Quilters, watercolor artists team up to create unusual exhibit for biennial quilt show

Anna Picklo, left, and Betty Bloomquist display their work for the North Star Quilters Guild biennial quilt show Friday and Saturday at the Alerus Center. The show features an exhibit of watercolor artwork inspired by quilts. Photo by Eric Hylden/Grand Forks Herald
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North Star Quilters Guild has teamed up with the River Forks Watercolor Society to present a show that features quilts that are paired with watercolor artworks.

The guild’s show, “Quilting on the Red Quilt,” runs Friday and Saturday, Oct. 25-26, at the Alerus Center.

The guild, which has about 150 members, hosts the show once every two years.

This challenge is a reverse of the one they hosted two years ago when quilters were asked to create quilts inspired by watercolor art.

“People were delighted by it,” said Jolene Mikkelson, a member of the North Star Quilters Guild. “It turned into something really special.”


This year, the quilts were made first, Mikkelson said.

Earlier this year, the quilts were on display for a month at The Ember in downtown Grand Forks and watercolorists were invited to select a quilt that inspired them and then create a watercolor art piece based on it.

“We have close to 30 pairings” of artist and watercolorist, as compared to 18 pairings two years ago, Mikkelson said.

Betty Bloomquist, a Grand Forks watercolorist, chose four quilts that were created by four of her friends, she said.

The connection she had with each quilter made the project “extremely personal,” she said. The four, 18-inch-square watercolor works she created are “direct copies” of quilts by Mikkelson, Anna Picklo, Pam Davis and Bonnie Solberg, Bloomquist said.

Other artists may have taken the idea of the quilt as starting point or inspiration and went off from there, she said.

Bloomquist also participated in the challenge two years ago, “when (the quilters) chose us; it was all accidental,” she said. This year, she saw her friends’ quilts “and, I thought, I can do that -- I liked their pieces too.”

During the quilt show, more than 240 quilts for judging will be on display, created by quilters from this area and elsewhere around the country, including Connecticut, Montana, California and Minneapolis-St. Paul, organizers say.


At noon Friday, Maribeth Schmit, correspondent docent for the Daughters of the American Revolution Museum in Washington, D.C., will present a trunk show, “A Quarter Century of Quilts,” featuring nearly 40 quilts and quilt tops that reflect various quilting techniques.

It’s an opportunity to view many Blue Ribbon and Best of Show award-winning quilts, organizers say.

Schmit will also give a special presentation, “Masterpiece Quilts from the DAR Museum Collection,” at 6:30 p.m. Friday.

Schmit, who lives in Cedarburg, Wis., and will serve as a show judge.

Her presentation will highlight quilts that represent the time span from 1750 to 1940. Because the DAR is a genealogical-based organization, the quilts are accompanied by histories and explanations of their place of origin.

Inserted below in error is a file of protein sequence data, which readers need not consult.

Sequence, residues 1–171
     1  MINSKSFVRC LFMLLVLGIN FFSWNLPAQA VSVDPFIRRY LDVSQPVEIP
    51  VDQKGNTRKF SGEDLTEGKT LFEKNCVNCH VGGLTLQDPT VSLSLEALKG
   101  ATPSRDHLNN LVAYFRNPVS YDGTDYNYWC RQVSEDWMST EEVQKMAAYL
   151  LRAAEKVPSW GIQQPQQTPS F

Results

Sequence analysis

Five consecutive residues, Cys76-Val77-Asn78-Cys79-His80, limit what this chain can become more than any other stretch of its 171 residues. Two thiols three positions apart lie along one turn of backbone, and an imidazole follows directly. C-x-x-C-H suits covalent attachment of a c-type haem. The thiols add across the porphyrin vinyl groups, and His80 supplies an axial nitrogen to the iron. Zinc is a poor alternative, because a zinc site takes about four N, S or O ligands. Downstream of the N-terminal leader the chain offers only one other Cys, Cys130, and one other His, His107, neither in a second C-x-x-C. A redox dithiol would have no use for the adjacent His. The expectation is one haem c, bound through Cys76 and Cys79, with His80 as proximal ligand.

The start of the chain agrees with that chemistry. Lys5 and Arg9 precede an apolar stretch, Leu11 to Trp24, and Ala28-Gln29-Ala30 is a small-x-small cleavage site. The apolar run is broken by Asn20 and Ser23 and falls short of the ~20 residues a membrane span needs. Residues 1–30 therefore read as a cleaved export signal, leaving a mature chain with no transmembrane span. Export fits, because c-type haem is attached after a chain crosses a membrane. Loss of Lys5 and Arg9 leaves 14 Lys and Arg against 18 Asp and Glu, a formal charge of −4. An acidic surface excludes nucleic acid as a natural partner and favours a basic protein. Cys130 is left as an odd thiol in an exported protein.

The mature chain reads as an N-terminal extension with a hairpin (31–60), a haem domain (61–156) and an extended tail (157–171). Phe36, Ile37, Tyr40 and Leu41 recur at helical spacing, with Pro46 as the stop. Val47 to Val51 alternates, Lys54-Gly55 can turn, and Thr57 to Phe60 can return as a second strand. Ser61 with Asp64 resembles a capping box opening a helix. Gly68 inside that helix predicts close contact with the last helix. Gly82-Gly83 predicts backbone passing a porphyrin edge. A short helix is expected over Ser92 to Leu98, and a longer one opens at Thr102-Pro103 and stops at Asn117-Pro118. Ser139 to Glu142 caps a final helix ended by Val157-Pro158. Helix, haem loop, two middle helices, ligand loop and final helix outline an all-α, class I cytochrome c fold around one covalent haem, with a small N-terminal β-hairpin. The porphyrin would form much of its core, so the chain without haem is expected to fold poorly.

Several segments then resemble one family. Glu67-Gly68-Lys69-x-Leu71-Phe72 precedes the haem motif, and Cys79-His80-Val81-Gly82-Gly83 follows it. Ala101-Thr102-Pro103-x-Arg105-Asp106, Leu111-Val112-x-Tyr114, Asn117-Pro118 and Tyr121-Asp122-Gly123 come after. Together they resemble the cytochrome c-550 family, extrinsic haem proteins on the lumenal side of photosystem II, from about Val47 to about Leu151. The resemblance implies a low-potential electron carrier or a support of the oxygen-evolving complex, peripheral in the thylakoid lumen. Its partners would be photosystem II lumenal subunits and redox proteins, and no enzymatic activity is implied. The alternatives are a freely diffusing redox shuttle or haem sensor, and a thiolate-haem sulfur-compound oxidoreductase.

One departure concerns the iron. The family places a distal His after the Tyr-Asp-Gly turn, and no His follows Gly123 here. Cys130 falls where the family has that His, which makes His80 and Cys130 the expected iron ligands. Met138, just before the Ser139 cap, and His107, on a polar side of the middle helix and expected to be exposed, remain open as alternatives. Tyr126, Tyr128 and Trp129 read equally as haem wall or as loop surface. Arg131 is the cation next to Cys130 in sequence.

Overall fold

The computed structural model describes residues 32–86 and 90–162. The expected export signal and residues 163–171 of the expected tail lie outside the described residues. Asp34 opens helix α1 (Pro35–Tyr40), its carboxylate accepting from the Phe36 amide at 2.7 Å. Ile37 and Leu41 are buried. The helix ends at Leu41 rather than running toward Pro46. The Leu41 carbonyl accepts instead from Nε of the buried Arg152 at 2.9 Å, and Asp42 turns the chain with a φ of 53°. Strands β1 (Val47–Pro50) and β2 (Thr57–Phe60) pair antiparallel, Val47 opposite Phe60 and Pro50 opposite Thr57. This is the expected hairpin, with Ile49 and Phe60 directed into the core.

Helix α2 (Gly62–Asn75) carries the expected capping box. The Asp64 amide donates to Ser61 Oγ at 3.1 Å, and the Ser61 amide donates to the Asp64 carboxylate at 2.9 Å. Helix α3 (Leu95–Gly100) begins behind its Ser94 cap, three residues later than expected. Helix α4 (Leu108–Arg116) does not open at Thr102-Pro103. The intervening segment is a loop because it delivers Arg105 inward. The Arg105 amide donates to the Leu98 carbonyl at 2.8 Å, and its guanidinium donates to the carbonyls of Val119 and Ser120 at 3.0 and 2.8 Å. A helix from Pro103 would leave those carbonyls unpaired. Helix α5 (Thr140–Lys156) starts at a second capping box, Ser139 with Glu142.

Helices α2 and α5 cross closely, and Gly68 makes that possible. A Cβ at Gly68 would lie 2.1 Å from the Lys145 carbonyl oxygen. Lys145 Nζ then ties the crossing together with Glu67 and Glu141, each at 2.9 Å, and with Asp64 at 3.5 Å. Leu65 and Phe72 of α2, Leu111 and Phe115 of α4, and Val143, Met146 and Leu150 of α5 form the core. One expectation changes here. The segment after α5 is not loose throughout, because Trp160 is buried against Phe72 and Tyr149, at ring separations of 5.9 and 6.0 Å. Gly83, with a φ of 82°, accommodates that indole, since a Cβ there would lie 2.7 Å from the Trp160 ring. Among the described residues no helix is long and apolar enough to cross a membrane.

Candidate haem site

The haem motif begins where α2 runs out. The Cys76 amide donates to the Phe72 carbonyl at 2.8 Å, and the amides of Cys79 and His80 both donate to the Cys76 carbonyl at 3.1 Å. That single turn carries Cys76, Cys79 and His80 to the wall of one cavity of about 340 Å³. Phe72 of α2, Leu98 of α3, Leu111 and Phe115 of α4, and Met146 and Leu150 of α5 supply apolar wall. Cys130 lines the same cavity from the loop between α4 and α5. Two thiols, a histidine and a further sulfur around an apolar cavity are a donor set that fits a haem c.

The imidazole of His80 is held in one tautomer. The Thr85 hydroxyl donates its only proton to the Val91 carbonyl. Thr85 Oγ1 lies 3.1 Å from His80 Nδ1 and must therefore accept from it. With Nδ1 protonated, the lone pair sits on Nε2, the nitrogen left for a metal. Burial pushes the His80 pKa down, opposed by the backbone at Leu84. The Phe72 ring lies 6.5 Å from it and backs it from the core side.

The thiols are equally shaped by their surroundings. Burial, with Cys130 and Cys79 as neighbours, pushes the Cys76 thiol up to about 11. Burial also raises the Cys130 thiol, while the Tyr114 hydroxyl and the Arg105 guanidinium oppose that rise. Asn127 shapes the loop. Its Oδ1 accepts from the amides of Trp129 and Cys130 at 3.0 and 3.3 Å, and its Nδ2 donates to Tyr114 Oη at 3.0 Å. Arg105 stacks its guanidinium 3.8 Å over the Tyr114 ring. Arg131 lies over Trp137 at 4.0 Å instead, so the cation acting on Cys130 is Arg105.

Other guest speakers include Sharyn Resvick who, in her lecture, “Threads of Time,” at 3 p.m. Friday, will show a series of small quilts that represent many styles from the last 200 years.

Each has a story to tell, she said, from the first medallion quilts of the early 1800s to the Depression-era quilts of the early 1900s to the sampler quilts that gained popularity after the second quilt revival of the 1970s to today’s modern quilts.

At 11 a.m. Saturday, Colleen Carlson will present a talk, “A Pattern Is Just a Suggestion,” which covers how to make adjustments to patterns and pictures.


Small steps to large leaps will explained in the slides and with quilts, organizers say.

At 2 p.m. Saturday, Pam Dinndorf will give a talk, “Parallel Lines: Exploiting the Powerful Potential of Stripes.”

Stripes are full of potential to demand attention, portray movement, organize layouts and create lifelong fans, Dinndorf said.

She’ll show examples of quilts which exhibit successful implementation of stripes as well as address quilters’ concerns about cutting striped material and accessing striped fabrics.

The two-day quilt show also features a silent auction, raffles and activities to stimulate kids’ interest in quilting.

The guild is also donating more than 200 quilts to foster children in this area, Mikkelson said. “It’s kind of our mission.”

Admission to the quilt show is $8 for a single day or $12 for two days. Admission to Schmit’s lecture is $12. Children under 12 are admitted free of charge.

Show hours are 9 a.m. to 8 p.m. Friday and 9 a.m. to 5 p.m. Saturday.

The Alerus Center is at 1200 42nd St. S.

For more information, visit .

Related Topics: ART
Pamela Knudson is a features and arts/entertainment writer for the Grand Forks Herald.

She has worked for the Herald since 2011 and has covered a wide variety of topics, including the latest performances in the region and health topics.

Pamela can be reached at or (701) 780-1107.
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